The Oscar winning director Spike Lee took to Instagram to celebrate Poitier’s legacy, calling him “A proud, dignified, handsome and strong black man that we see in our communities all the time but now burst and burnt through the silver screens of Hollywood”.
Star Trek actor George Takei paid tribute, calling the actor “a trailblazer who will be mourned by so many for whom he opened the very doors of Hollywood”.
James Bond and Westworld actor Jeffrey Wright added that Poitier was a “landmark actor”.
And the director, Sir Steve McQueen, called Poitier “an icon to the Black diaspora”.
Actress Whoopi Goldberg quoted the lyrics to the song “To Sir With Love”, which soundtracked Poitier’s 1967 film of the same title. “He showed us how to reach for the stars,” she noted, while actor Joseph Gordon-Levitt called him “an absolute legend”.
Former Disney CEO, Bob Iger, paid tribute to Poitier as “the most dignified man I’ve ever met”.
Lulu, who sang the theme song for the classic film To Sir, With Love, hailed the actor as her ‘friend,’ ‘teacher,’ and ‘inspiration’ in a heartwarming post on her Instagram page.
While Robert Redford added in a statement, “Sidney was not just a great actor, he was a civil rights giant and a dedicated humanitarian. We developed a friendship when we worked together. I appreciated his kindness, elegance and his sense of humor.”
Don Cheadle said he was, “Gutted. Again. Lost another royal.”
The actor’s kin remembered him as “a man who always put family first.”
They said in a statement: “There are no words to convey the deep sense of loss and sadness we are feeling right now. We are so grateful he was able to spend his last day surrounded by his family and friends.”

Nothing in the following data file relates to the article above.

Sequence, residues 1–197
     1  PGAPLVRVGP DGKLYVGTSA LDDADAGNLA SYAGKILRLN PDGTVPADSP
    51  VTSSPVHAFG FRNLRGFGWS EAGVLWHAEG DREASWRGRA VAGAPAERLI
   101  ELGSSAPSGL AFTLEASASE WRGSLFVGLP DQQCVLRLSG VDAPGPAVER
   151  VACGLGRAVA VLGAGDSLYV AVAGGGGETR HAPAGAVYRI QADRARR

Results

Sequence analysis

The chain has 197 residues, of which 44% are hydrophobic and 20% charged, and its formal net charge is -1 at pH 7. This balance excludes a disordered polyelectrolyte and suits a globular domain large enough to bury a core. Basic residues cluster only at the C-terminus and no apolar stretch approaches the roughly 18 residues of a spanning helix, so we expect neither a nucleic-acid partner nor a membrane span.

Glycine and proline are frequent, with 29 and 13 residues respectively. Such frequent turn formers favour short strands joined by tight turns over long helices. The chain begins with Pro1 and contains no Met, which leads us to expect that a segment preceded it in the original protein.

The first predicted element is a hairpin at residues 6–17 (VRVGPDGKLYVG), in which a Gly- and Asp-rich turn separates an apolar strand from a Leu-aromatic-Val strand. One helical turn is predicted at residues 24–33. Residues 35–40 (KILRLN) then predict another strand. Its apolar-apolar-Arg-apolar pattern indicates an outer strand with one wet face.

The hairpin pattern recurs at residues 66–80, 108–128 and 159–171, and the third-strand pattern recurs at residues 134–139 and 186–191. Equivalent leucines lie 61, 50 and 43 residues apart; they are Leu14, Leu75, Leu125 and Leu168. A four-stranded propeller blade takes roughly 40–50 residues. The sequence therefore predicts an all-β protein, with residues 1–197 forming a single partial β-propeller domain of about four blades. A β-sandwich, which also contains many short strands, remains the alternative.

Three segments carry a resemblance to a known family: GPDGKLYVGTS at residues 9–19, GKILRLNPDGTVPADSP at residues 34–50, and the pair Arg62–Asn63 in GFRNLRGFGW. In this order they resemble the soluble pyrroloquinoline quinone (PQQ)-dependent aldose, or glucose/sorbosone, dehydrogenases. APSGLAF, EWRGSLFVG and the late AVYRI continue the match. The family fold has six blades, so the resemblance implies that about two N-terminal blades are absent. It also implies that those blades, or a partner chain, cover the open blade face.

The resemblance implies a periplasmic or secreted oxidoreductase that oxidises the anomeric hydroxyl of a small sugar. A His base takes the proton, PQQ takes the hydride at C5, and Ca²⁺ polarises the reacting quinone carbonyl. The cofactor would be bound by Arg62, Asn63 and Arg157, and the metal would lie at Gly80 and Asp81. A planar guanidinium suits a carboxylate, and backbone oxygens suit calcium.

Director, writer and actor Tyler Perry wrote “…to wake up this morning to a call that Sidney Poitier has passed away…all I can tell you is that my heart broke in another place,” Perry wrote on Instagram. “The grace and class that this man has shown throughout his entire life, the example he set for me, not only as a Black man but as a human being will never be forgotten.”
Harry Belafonte, a longtime friend and constant collaborator with Sidney Poitier, remembered him on Friday as a “brother and partner” who worked with him to try to improve the world.
“For over 80 years, Sidney and I laughed, cried and made as much mischief as we could,” Mr. Belafonte said in a statement. “He was truly my brother and partner in trying to make this world a little better. He certainly made mine a whole lot better.”
Fellow Oscar winner Octavia Spencer recalled meeting him and the impact his support had on her as a performer via her Instagram.
“I will never forget the occasion where I met Mr. Poitier. I had just won an award and he and Helen Mirren were walking through the kitchen to the stage to present. When I have an overload of adrenaline it has an adverse affect. I can’t bend my knees. So, there I am with my heels and an award in my hands, shell shocked and sweaty, Glaring at the two of them. I was searching for the one word to say but couldn’t remember any. I must’ve been a pitiful sight because he stopped with the biggest smile and congratulated me. I finally blurted out I love you… both. He told me he expected great things from me. There’s something about hearing those words from a pioneer that changes you!”
The actress Lee Grant — who appeared in the film In the Heat of the Night alongside Mr. Poitier — wrote on Twitter that the actor was a “force of nature” and “one of most intelligent, beautiful, and unstoppable human beings I’ve ever known.”
“He made our world, and my life, better in ways we still may not entirely comprehend,” she wrote. “Calling him a legend doesn’t do it justice. He was Sidney Poitier.”